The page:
The world is going insane, or at least ‘the market’ is being used as an excuse to ignore ethical and moral responsibility.
    Referral fees are only paid or requested because of greed. The publicly funded ‘legal market’ is not a true market at all. A system is in place to provide those who would not otherwise be able to afford it with litigation and advocacy services, and the litigator and advocate paid (derisory) fees. The advocacy fee is paid by the government for advocacy. The use by litigators of advocates prepared to negotiate to pay some of their own fee to the litigator in order to secure work is a fraud. The only way to ensure quality, and to avoid other serious conflicts of interest, to revert to the system where the advocate must be independent of the litigator and have no financial or other connection with him, and the litigator must choose from a pool of such advocates. Only then will an advocate be chosen on merit in the best interests of the client and justice. Virtually no advocate instructed because he or she is prepared to pay a referral fee would be instructed on merit. The system is going to the dogs, and the payment of referral fees is a pernicious and fraudulent example of that trend.
    I should point out I am a member of the independent bar, but came to it years ago because of a belief in the system that then existed, though it was already beginning to be eroded. But I do not say what I say out of self interest. It is out of despair that a once honourable system, and 2 professions, have been ruined by people knowing the price of everything and the value of nothing

  • Warren Smith says:

    Richard Moorhead thank you for a sensible comment. What you suggest is precisely the case that made to the SRA in December based on real data and our actual experiences in the marketplace during 2014. The emotional rantings of others about lost protections and greed are typical. No protections are lost when lawyers still have a primary duty to their client’s best interests (I am a solicitor too). Greed is not a motivator when the referal fee price is the same to everyone, when all service providers are provided the opportunity to receive referrals, and when there is referral based on merit (which is something that good lawyers should not be afraid of). Lawyers lack skills to market themselves online and it is precisely because of low margins for this critically important type of work that lawyers are unwilling to pay monthly marketing fees and so a less risky pay-as-you-go referral fee model provides a new route of client accessibility to help through an increasingly transparent and verifiable online channel that clients increasingly want to use. We all want the same thing – lets put the client first.

  • Ian Ball says:

    Methinks Warren Smith sees this article and comment section as a marketing exercise by which he hopes to make some future money if he can persuade the regulators to relax the rules without over-exerting himself at the sharp end of practice. And looks like he has bought the farm as far as management-speak is concerned. Paying for work to be sent your way may be a sign you are not good enough to be instructed on merit….asking to be paid for sending work someone else’s way may be a sign you won’t recommend someone else unless your palm is greased first. Making a business out of referrals may be a sign of intellectual confusion compounded by economic illiteracy – its difficult to see how value is added whilst fees are gently siphoned off into the pockets of fixers. Unless of course, the new arbitrator of quality is, uniquely poised to ‘help through an increasingly transparent and verifiable online channel’…Presumably the monthly marketing fees Warren Smith refers to are destined to be harvested by Given the independent Bar is still essentially a referral profession, would Warren Smith like to see all barristers pay all their instructing solicitors (or even his company) for a slice of the action? Monetizing transactions is no guarantee of excellence, no matter how much wishful thinking or convoluted logic is involved.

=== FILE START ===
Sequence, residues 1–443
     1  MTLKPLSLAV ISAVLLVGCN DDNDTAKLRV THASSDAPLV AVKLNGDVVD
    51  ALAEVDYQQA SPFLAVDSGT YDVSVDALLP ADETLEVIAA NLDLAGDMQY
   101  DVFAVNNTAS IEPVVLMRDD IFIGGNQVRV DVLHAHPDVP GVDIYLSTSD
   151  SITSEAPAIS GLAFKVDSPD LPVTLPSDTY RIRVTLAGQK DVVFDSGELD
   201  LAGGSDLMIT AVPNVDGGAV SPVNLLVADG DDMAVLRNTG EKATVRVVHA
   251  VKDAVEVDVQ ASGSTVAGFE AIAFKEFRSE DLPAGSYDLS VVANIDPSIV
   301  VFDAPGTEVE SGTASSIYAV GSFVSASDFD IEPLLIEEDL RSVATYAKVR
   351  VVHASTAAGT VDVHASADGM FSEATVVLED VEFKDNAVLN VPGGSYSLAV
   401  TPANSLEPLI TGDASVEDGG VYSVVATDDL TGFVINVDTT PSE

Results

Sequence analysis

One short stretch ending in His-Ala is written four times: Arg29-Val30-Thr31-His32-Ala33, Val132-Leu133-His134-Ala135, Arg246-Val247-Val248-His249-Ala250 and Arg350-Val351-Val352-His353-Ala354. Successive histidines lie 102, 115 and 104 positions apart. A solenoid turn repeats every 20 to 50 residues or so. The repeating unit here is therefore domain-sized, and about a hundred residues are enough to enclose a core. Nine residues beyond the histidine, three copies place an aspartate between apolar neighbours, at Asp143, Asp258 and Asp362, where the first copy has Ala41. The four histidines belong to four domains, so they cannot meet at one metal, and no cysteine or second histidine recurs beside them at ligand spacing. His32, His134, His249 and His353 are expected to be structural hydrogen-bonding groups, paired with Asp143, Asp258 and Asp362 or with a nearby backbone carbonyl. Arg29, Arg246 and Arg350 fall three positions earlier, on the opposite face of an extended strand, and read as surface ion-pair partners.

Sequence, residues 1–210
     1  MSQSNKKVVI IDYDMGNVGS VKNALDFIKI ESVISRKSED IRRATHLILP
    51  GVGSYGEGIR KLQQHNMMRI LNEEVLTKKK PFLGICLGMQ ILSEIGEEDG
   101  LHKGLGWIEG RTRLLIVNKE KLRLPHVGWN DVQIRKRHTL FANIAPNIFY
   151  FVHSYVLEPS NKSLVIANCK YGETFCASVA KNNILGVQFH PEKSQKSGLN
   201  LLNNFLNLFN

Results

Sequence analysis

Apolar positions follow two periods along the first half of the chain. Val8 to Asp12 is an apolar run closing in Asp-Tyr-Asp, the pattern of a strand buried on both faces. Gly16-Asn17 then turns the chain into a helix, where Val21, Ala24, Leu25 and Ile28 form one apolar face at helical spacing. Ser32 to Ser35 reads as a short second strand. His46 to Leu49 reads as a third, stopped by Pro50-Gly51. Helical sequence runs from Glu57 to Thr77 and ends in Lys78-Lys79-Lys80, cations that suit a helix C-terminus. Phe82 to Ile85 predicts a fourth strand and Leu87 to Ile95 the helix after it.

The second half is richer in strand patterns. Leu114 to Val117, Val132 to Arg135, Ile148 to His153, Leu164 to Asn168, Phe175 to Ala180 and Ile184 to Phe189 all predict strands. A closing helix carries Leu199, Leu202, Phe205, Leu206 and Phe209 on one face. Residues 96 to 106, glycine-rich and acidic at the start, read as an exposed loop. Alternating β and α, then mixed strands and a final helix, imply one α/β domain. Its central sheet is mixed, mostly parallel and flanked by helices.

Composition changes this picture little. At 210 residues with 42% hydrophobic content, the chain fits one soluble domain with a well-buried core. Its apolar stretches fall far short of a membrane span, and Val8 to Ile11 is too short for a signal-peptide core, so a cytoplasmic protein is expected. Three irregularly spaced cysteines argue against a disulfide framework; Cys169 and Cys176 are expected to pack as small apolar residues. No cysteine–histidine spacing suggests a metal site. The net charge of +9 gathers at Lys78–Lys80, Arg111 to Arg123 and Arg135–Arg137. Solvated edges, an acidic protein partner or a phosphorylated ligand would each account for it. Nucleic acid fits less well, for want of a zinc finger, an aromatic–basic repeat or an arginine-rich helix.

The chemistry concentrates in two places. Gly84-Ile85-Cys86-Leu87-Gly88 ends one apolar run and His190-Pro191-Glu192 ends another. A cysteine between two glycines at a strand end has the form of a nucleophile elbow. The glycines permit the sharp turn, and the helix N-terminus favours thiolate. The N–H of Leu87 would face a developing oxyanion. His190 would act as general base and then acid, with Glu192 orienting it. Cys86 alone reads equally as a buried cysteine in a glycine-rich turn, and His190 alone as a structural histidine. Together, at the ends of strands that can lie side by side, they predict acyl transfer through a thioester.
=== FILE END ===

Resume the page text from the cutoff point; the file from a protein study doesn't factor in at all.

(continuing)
• Warren Smith says:

    Ian Ball, I am placing comments on this article for the same reason that I originally lobbied the SRA to change rule 9.6 (and previously lobbied all regulators to open up their membership data during 2013/14) – because I want to improve choice and access to justice for clients. There are far more effective ways to promote and/or commercialise Access Solicitor than lobbying regulators and then subsequently defending my position against ill thought out (and now from you, personal) arguments published against me. The BSB’s own guidance on referral fees says that Access Solicitor’s proposed business model is already permitted, does not conflict with the client’s best interests, and acknowledges the value that our service delivers. The absolute ban of the SRA is inconsistent with the BSB’s approach and needs to be reconsidered. I’m very happy to speak offline to see if I can dispel some of your misunderstandings and/or misgivings about my personal motivations and the value of our service.